The slide stop is protected by a ridge in the polymer frame, so you need to be very deliberate when pressing it. The magazine catch is reversible. It is also a good size and protrudes enough for a fast reload. The problem with a fast reload is the MC28 SA only comes with one magazine. Another 17-round magazine will cost you $40 (store.EAACorp.com) and a 19-round magazine is $59. Supplying only one magazine is a way to keep the cost of the Girsan down. The metal magazine sported 17 witness holes, and the floor plate was flush with the grip sides. We would prefer a larger floor plate or a notch on the grip’s side to strip the magazine in the event it gets stuck in the pistol. FBI stats say the average number of shots fired in a defensive situation is three. With 17 rounds in the tank, the Girsan has enough for five gun fights of “average” length.
The MC28 SA uses a trigger bar that interfaces with a sear, and the sear trips the striker to fire the gun. We noticed the trigger feeling a bit smoother after a hundred or so rounds. At first, we could feel the trigger bar dragging in the groove of the sear. We felt two distinct stages prior the trigger breaking at about 6 pounds. Team members pressed the trigger using the pad of their finger as well as the first knuckle and found the trigger fairly easy to press.
In accuracy testing, the Girsan shot best with the Streak 124-grain FMJ ammo. The smallest group averaged 2.26 inches. On average across all ammo, the pistol shot 3-inch groups. Not bad for an inexpensive pistol. In speed shooting, we encountered muzzle flip, and we needed to concentrate on our grip. Shooting the speed drill at 7 yards, we were able to shoot fast and surgical. We did note that the bore axis sat slightly higher compared to the IWI and Canik. The recoil pulse was pleasant and easy to control, but recoil was not as soft as the pulse from the IWI and Canik pistols. The Girsan never malfunctioned and was thoroughly reliable.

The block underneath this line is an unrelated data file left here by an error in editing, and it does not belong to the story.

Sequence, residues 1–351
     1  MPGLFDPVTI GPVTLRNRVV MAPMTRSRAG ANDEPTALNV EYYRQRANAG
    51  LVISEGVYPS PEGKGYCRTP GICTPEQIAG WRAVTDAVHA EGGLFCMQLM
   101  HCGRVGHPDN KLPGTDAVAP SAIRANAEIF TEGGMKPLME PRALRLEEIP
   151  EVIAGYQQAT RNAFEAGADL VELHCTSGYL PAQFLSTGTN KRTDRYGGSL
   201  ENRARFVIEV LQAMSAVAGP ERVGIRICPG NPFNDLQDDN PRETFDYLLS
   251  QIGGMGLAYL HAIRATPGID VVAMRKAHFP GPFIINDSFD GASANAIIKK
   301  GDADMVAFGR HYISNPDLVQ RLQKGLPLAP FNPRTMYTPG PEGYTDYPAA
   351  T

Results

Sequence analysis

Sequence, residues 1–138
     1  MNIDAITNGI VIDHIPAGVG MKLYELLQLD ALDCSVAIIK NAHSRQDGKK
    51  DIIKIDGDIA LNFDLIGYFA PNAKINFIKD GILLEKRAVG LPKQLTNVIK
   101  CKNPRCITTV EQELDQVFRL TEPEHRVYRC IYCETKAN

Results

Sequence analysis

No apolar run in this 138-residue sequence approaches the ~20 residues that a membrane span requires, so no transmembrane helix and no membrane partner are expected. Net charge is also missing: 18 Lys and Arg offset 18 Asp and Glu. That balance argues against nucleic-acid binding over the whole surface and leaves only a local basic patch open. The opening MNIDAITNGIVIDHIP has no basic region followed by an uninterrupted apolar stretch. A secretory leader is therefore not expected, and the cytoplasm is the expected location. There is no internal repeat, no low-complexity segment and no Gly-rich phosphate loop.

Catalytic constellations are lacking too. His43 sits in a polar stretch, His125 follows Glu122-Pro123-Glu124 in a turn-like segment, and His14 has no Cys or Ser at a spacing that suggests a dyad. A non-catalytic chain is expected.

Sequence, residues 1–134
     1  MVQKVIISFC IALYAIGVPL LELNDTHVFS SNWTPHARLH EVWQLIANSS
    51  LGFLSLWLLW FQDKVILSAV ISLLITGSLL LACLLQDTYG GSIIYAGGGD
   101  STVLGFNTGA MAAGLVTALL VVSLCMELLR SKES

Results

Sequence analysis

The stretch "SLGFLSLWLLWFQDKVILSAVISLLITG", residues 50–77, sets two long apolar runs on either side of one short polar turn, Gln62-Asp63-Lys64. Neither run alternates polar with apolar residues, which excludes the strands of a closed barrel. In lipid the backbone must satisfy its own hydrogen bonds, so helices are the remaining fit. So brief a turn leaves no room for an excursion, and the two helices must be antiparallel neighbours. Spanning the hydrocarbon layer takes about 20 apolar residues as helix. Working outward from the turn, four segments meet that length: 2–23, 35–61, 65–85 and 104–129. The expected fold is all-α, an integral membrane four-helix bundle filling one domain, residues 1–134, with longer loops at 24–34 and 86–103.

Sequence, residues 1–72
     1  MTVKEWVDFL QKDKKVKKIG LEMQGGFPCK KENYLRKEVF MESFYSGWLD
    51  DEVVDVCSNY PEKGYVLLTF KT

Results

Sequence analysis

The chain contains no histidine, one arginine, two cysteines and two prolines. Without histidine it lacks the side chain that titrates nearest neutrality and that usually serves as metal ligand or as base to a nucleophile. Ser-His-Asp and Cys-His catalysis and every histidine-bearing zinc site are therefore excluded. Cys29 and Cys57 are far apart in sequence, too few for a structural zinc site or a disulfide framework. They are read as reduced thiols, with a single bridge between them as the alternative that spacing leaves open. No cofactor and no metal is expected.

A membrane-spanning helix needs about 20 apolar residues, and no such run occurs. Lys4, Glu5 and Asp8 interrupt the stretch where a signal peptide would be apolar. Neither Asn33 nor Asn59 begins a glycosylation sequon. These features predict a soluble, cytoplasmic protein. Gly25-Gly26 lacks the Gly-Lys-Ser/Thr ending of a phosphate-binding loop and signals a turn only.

Our Team Said: While the Girsan could be placed in the category of Just Another Striker Fire, it has a decent trigger, is reliable, and has decent accuracy. For the price, we don’t think you’ll find a better striker-fire pistol.
9mm Luger Range DataTo collect accuracy data, we fired five-shot groups from a bench using a rest. Distance: 25 yards with open sights. We recorded velocities using a ProChrono digital chronograph set 15 feet from the muzzle.
|Prime Match+ 124-grain Hexagon||Girsan MC28 SA||Canik METE SFT||IWI Masada|
|Average Velocity||979 fps||1046 fps||1005 fps|
|Muzzle Energy||264 ft.-lbs.||301 ft.-lbs.||278 ft.-lbs.|
|Smallest Group||2.49 in.||2.15 in.||2.26 in.|
|Average Group||2.74 in.||2.31 in.||2.30 in.|
|Streak Ammo 124-grain TMC||Girsan MC28 SA||Canik METE SFT||IWI Masada|
|Average Velocity||1022 fps||1079 fps||1059 fps|
|Muzzle Energy||288 ft.-lbs.||321 ft.-lbs.||309 ft.-lbs.|
|Smallest Group||2.26 in.||2.57 in.||2.80 in.|
|Average Group||2.59 in.||3.09 in.||2.94 in.|
|Remington HTP 147-grain JHP||Girsan MC28 SA||Canik METE SFT||IWI Masada|
|Average Velocity||862 fps||912 fps||914 fps|
|Muzzle Energy||243 ft.-lbs.||368 ft.-lbs.||273 ft.-lbs.|
|Smallest Group||2.79 in.||1.91 in.||1.80 in.|
|Average Group||3.05 in.||2.01 in.||2.09 in.|